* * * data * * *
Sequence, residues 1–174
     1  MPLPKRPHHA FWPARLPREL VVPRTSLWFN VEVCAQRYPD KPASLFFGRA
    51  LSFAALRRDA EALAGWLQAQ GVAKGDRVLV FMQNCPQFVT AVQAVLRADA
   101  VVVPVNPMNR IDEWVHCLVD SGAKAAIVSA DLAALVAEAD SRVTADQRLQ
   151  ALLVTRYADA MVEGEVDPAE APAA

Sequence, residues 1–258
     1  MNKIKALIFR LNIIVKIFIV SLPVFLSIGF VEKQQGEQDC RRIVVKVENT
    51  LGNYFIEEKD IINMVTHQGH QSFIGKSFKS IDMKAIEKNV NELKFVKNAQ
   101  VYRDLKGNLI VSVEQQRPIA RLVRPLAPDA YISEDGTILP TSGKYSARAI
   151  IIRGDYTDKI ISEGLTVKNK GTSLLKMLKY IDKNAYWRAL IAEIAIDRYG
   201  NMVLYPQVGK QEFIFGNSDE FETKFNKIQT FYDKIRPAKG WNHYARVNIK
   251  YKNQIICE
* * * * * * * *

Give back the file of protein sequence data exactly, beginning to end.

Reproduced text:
Sequence, residues 1–174
     1  MPLPKRPHHA FWPARLPREL VVPRTSLWFN VEVCAQRYPD KPASLFFGRA
    51  LSFAALRRDA EALAGWLQAQ GVAKGDRVLV FMQNCPQFVT AVQAVLRADA
   101  VVVPVNPMNR IDEWVHCLVD SGAKAAIVSA DLAALVAEAD SRVTADQRLQ
   151  ALLVTRYADA MVEGEVDPAE APAA

Sequence, residues 1–258
     1  MNKIKALIFR LNIIVKIFIV SLPVFLSIGF VEKQQGEQDC RRIVVKVENT
    51  LGNYFIEEKD IINMVTHQGH QSFIGKSFKS IDMKAIEKNV NELKFVKNAQ
   101  VYRDLKGNLI VSVEQQRPIA RLVRPLAPDA YISEDGTILP TSGKYSARAI
   151  IIRGDYTDKI ISEGLTVKNK GTSLLKMLKY IDKNAYWRAL IAEIAIDRYG
   201  NMVLYPQVGK QEFIFGNSDE FETKFNKIQT FYDKIRPAKG WNHYARVNIK
   251  YKNQIICE